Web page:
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Punch, or the London Charivari, Volume 99, October 11, 1890

by Various

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MODERN TYPES. (By Mr. Punch's own Type Writer.) No. XX.—THE DIVORCÉE.

The Court over which Sir JAMES HANNEN presides was instituted for the purification of morals by the separation of ill-assorted couples. Matrimonial errors, which had hitherto stood upon the level of political grievances, capable of redress only after the careful and unbiassed attention of British legislators had been, at much expense both of time and money, devoted to them, were henceforth to form the subject of a special procedure in a division of the Courts of Law created for the purpose, and honestly calculated to bring separation and divorce within the reach even of the most modest incomes. The tyrant man, as usual, favoured himself by the rules he laid down for the playing of the game. For whereas infidelity on the part of the wife is held to be, in itself, a sufficient cause for pronouncing a decree in favour of the husband, a kind, though constantly unfaithful husband, is protected from divorce, and only punished by separation from the wife he has wronged. It is necessary for a man to add either cruelty or desertion to his other offence, in order that his wife may obtain from the laws of her country the opportunity of marrying someone else. But the wit of woman has proved equal to the emergency. Nowhere, it may be safely stated, have more tales of purely imaginative atrocity been listened to with greater attention, or with more favourable results, than in the Divorce Court. On an incautious handshake a sprained wrist and an arm bruised into all the colours of the rainbow have been not infrequently grafted. A British imprecation, and a banged door, have often become floods of invective and a knock-down blow; and a molehill of a pinch has, under favourable cultivation, been developed into a mountain of ill-treatment, on the top of which a victorious wife has in the end, triumphantly planted the banner of freedom.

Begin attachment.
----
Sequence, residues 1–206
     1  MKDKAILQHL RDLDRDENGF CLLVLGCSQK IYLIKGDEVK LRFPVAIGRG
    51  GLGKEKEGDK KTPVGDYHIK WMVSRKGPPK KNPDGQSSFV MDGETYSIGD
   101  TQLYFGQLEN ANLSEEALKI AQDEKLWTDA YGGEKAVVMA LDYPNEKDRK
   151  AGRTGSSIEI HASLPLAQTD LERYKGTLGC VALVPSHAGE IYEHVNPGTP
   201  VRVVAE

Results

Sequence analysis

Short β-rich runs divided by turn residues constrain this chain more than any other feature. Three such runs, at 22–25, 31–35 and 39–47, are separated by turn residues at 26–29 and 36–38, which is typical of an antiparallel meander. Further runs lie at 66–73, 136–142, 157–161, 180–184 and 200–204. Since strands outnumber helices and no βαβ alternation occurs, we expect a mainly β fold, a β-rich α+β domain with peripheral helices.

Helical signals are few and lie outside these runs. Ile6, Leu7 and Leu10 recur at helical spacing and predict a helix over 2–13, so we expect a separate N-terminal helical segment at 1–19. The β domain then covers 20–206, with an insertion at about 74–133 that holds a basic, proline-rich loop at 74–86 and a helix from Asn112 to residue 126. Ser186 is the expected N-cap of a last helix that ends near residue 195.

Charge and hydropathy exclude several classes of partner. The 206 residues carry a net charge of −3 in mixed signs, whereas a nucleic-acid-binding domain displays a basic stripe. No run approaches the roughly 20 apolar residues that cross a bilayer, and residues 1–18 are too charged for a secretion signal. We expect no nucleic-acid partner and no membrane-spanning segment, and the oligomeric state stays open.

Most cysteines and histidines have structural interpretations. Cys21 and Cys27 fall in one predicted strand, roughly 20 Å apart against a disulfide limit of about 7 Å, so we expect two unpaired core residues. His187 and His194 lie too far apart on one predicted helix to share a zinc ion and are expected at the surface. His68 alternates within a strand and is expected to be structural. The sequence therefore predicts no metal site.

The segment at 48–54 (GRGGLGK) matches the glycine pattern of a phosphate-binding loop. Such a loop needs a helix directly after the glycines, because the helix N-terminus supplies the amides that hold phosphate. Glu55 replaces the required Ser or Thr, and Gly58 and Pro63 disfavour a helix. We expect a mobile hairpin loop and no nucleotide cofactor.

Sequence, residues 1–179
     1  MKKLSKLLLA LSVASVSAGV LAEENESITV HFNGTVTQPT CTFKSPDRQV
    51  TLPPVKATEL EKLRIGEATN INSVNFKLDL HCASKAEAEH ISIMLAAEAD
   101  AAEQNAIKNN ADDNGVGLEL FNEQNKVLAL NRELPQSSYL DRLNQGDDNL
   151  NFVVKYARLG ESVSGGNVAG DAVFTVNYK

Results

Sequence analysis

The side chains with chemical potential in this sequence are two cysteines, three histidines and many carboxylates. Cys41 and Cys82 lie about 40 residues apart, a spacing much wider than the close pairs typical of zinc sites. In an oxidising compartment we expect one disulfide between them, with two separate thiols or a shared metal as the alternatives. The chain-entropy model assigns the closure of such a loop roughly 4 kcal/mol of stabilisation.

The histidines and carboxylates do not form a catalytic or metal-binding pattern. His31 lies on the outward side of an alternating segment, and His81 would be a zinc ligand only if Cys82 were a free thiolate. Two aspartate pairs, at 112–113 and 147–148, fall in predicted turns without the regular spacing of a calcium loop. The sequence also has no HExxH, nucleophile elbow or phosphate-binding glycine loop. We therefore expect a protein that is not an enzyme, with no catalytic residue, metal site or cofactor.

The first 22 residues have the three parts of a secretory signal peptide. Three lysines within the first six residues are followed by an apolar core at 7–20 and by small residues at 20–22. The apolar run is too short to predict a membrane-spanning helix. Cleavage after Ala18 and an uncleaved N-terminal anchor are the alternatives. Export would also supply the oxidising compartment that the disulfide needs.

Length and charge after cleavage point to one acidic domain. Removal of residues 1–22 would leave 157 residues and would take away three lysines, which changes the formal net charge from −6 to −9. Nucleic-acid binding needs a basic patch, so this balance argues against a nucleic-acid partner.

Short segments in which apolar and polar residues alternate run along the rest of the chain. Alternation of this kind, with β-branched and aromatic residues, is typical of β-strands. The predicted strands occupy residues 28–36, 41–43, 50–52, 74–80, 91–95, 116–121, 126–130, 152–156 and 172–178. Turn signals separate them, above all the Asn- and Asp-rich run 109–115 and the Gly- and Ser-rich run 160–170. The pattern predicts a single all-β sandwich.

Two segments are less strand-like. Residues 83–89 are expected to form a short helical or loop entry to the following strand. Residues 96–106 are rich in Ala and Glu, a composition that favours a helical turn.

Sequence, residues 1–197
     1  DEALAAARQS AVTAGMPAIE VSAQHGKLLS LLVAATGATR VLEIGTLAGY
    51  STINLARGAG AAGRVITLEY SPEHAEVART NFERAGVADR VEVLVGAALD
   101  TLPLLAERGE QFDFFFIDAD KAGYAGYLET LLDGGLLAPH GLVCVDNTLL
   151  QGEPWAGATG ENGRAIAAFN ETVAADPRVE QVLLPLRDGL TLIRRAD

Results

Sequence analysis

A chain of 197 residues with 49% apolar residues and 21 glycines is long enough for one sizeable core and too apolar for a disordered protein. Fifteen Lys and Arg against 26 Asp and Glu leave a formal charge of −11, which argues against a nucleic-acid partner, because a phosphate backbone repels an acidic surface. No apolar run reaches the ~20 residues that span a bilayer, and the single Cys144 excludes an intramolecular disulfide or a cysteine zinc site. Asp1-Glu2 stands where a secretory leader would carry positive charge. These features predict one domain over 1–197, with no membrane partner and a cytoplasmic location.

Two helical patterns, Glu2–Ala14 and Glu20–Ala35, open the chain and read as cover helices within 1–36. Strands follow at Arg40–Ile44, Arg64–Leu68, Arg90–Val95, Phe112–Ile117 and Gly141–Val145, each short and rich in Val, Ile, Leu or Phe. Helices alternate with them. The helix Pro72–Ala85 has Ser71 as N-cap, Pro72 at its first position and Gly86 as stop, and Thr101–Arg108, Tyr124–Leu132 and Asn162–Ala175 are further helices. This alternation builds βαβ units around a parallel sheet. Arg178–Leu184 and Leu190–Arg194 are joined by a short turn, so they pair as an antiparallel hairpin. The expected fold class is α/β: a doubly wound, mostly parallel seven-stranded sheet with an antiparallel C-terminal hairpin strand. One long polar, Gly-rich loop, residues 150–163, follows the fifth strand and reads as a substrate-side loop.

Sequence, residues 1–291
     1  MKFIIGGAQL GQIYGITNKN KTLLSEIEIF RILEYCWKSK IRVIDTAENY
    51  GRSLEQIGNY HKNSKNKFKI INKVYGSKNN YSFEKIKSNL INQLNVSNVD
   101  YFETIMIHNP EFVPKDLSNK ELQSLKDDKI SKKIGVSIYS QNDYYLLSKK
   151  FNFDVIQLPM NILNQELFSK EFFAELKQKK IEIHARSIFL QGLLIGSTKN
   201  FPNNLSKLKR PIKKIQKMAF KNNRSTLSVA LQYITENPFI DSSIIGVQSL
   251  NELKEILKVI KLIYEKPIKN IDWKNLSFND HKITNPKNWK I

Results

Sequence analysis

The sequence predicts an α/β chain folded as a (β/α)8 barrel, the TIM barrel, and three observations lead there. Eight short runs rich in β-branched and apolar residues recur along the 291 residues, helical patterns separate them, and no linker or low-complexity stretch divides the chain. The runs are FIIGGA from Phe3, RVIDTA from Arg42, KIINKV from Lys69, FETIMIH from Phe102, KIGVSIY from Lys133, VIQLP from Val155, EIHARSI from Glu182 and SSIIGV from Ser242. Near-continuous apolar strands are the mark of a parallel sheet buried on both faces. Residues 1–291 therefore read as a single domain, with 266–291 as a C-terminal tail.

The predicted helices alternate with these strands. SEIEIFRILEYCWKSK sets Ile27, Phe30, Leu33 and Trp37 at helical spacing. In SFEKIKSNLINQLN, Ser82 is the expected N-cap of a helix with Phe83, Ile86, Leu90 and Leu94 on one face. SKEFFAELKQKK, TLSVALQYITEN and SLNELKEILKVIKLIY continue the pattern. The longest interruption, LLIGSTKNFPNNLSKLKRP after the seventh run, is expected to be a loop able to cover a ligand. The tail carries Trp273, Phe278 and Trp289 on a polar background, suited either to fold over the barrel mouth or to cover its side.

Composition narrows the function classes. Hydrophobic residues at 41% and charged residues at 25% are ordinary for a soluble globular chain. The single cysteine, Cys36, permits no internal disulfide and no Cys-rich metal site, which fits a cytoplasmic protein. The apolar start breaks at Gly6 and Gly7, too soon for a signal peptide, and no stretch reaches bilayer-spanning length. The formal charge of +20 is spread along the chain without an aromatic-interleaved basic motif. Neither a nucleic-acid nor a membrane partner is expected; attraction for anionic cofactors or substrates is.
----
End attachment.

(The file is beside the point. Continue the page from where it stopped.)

Hence the Divorce Court, after some years of suspicion, has gradually come to be looked upon as one of the sacred institutions of the country. And, speaking generally, those who make use of its facilities, however much certain of the more strait-laced may frown, are considered by society at large to have done a thing which is surprisingly right and often enviable. The result at any rate is that the number of the divorced increases year by year, and that a lady whose failings have been established against her by a judicial decree, may be quite sure of a hand of ardent sympathisers of both sexes, amongst whom she can hold her head as high as her inclination prompts her without exciting a larger number of spiteful comments than are allotted to her immaculate and undecreed sisters. She may not have been able to abide the question of the Counsel who cross-examined her, but she is certainly free, even in a wider sense than before. She may not, perhaps, stand on so lofty a social pinnacle as the merely-separated lady whose husband still lives, and to whose male friends the fact that she in practically husbandless, and at the same time disabled from marriage, gives a delightful sense both of zest and security....